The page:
The model below is an example of an Event and Event Line concept, a familiar structure in many of our organizations. Each of these entities contains data elements that are not shown on this model aswell as other relationships that are not shown such as to Customer and Supplier.
Once an Order is considered “closed” and leaves the system, an Order Number value can be used again on a future order. You’ve heard the slogan “Reduce, Reuse, Recycle”– here it is being applied to natural key values. Therefore, Order Number is not a unique natural key. We can add the Order Create Date to Order’s primary key (Option 1 below), or createa surrogate key called Order Id and make Order Number and Order Create Date an alternate key (Option 2 below).
Would you choose Option 1, Option 2, or is there a better solution and why?
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Top 3 Reasons for Choosing Option 1
- To avoid introducing a new data element. Option 1 uniquely identifies orders without introducing a new key (i.e., Order Id). As Jeff Lawyer, Senior Data Architect, summarizes: “No need to manufacture a surrogate key for Order…No need to create an alternate key for Order nor incur additional overhead to maintain an alternate index.”
- To facilitate partitioning. With Order Create Date as part of Order’s primary key, we can more efficiently manage partitioning of Order and Order Line by calendar year. In fact, not only can we partition by year, we can also more easily purge (or move to offline storage) Order and Order Line records after a specified number of years.
- To improve performance. Depending on how the database generated from this model will be used, retrieval performance can be quicker using the natural key. If both an Order Number and Order Date are known for example, we can get to Order Line instances directly without having to join through Order.
Top 3 Reasons for Choosing Option 2
- To reduce the size of Order’s primary key. Navin Ladda, Data Architect, summarizes this reason: “I would choose Option 2 for the prime reason that it will help with reducing the number of columns that will migrate over to the tables that are child to Order.” Also, because what is only shown is a model subset, it is possible that Order Line is a parent in one or more other relationships and therefore Order Line’s primary key will propagate as foreign keys and Option 2 will minimize the size of all of these downstream primary keys.
- To reduce errors. Both Rich Kier, Data Analyst and Susan Earley, Senior Data Modeler/Project Architect, stress that the developers for this application might misinterpret Order Create Date in the Order Line entity in Option 1. Susan says “Option 1 carries the risk that someone managing that data model doesn’t know that the Order Create Date must be propagated in order to preserve the uniqueness of the key.” Pete Stiglich, Data Architect, adds “If a developer or user forgets to include Order Create Date in the join, double counting can occur. Using the surrogate key (Order Id), there is only one possible way to join Order to Order Line.”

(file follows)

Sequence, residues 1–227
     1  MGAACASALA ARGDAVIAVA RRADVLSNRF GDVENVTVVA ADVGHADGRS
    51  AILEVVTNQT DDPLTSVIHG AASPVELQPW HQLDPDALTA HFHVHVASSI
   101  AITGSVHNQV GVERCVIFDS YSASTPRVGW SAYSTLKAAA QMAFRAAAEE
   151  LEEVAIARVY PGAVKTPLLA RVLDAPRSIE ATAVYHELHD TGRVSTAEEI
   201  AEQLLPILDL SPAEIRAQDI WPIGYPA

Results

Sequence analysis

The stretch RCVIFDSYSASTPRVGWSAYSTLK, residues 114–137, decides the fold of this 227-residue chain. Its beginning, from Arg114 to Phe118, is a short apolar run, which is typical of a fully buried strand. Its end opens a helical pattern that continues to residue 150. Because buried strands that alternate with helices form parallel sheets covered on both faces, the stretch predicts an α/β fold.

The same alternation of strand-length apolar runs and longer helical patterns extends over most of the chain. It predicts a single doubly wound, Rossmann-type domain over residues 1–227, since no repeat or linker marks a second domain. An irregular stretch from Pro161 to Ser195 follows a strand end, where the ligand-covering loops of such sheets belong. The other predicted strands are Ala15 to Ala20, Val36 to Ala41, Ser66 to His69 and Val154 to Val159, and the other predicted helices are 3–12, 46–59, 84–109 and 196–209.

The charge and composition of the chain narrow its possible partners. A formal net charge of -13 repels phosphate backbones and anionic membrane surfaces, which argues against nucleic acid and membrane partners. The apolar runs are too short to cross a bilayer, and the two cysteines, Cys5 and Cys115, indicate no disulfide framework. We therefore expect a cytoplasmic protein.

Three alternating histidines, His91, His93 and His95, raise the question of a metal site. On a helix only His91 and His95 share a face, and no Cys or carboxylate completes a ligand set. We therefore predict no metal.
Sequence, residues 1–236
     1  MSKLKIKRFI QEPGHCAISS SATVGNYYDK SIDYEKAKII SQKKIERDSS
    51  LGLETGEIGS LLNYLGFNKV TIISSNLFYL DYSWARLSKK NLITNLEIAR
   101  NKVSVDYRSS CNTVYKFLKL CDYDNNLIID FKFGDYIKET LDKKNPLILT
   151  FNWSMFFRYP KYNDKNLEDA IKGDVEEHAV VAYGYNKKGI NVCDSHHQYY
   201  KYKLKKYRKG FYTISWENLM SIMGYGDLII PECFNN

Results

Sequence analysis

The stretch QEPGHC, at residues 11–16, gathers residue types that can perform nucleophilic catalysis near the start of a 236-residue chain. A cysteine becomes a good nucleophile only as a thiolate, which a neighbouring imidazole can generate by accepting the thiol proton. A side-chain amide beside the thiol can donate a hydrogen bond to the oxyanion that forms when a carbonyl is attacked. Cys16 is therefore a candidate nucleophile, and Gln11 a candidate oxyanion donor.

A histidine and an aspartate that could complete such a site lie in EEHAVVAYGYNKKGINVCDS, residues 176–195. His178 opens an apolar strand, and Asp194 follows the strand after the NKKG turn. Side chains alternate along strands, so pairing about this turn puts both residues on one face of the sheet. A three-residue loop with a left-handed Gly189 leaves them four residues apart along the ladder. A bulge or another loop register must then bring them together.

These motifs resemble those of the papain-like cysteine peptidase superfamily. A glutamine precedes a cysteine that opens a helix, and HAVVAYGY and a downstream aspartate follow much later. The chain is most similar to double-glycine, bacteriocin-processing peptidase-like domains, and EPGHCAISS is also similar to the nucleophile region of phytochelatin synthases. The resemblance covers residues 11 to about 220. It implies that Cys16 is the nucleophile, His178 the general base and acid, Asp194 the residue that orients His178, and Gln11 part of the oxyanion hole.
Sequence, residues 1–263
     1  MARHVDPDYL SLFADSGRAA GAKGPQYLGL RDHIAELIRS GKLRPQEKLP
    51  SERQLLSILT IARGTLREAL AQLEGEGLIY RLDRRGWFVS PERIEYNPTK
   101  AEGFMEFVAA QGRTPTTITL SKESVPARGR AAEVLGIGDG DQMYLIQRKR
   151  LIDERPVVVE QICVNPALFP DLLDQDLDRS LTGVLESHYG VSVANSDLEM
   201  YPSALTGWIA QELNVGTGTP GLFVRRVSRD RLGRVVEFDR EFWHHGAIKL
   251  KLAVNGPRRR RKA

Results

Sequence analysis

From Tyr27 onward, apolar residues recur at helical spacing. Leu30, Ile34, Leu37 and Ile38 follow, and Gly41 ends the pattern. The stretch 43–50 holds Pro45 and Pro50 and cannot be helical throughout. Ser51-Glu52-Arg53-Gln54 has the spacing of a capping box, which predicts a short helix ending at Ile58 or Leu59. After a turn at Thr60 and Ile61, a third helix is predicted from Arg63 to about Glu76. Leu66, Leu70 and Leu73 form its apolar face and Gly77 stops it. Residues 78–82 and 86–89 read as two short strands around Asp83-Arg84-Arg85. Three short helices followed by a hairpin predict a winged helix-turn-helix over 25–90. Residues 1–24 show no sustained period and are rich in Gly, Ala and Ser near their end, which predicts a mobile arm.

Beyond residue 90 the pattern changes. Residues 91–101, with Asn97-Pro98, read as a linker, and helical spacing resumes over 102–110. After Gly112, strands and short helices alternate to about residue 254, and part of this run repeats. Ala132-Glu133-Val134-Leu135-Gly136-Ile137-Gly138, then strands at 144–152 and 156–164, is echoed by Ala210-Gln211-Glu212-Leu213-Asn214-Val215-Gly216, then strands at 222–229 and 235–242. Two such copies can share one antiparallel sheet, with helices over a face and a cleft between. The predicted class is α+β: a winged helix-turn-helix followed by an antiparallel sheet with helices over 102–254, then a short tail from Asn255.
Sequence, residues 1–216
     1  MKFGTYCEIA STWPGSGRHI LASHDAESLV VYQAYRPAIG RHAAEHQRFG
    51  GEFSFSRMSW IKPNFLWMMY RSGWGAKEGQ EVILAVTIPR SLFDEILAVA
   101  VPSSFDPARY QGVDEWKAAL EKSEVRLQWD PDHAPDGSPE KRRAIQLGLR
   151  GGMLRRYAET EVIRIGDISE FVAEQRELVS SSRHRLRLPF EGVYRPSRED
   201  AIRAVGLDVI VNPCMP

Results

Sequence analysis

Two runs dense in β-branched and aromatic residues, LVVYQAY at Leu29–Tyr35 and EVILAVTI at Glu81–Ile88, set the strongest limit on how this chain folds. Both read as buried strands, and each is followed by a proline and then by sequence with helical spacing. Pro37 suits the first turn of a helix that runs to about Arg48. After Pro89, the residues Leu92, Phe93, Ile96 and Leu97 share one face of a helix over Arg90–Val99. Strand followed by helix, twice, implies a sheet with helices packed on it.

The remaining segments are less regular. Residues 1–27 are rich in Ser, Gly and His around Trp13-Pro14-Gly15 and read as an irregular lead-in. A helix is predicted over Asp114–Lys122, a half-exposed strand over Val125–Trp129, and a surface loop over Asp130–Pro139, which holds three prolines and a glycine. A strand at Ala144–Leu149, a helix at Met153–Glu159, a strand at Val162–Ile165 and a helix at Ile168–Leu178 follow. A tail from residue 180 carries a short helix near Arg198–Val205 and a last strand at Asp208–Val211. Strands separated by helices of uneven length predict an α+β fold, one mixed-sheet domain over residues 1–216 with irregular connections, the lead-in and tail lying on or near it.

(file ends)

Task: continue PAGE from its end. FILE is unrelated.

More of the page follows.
- To facilitate integration. In the future orders may arrive from other applications and the Order surrogate key provides a buffer in case these other applications identify orders differently, as we can assign these orders a new unique Order Id value. As Gary J. Deffendall, Lead Data Modeler, says, “With a surrogate key you should be able to guarantee uniqueness in the primary key regardless of the number of order systems you are integrating in your warehouse.”
Possibly a Better Solution
- Rethink the Order Line primary key. Several challengers including Steve White, Information Architect, and Tim Bowders, Information Security Analyst, questioned Order Line’s primary key. Steve says “Is Order line sequence number part of the key of Order line? I suppose it could be if you allow people to order the same item twice on the same order with different shipping instructions. Is product number part of the key if I have the sequence? Probably not – the order and line sequence uniquely identify the record.”
- Change the business process. We could just use the Order Number to identify orders if we can change the business process that allows order numbers to be reused. Diana Wild, Business & Data Architect, says, “I would suggest that you go back to the business and challenge the original business rule that says an order number can be reused. In fact, the business people can probably cite their own examples of where there was an issue with an older order and they had a great deal of difficulty figuring out which data in their existing systems was related to that order, for example, in processing a return.”
- Question whether reusing Order Numbers is an issue. Perhaps duplicate order numbers is not an issue. Michael Anderson, Manager, says, “Does my customer want to keep Order History where I reference previous Order numbers? If so, for how long? If the retention period is 2 years, then I can ‘reduce, reuse and recycle’ every two years.”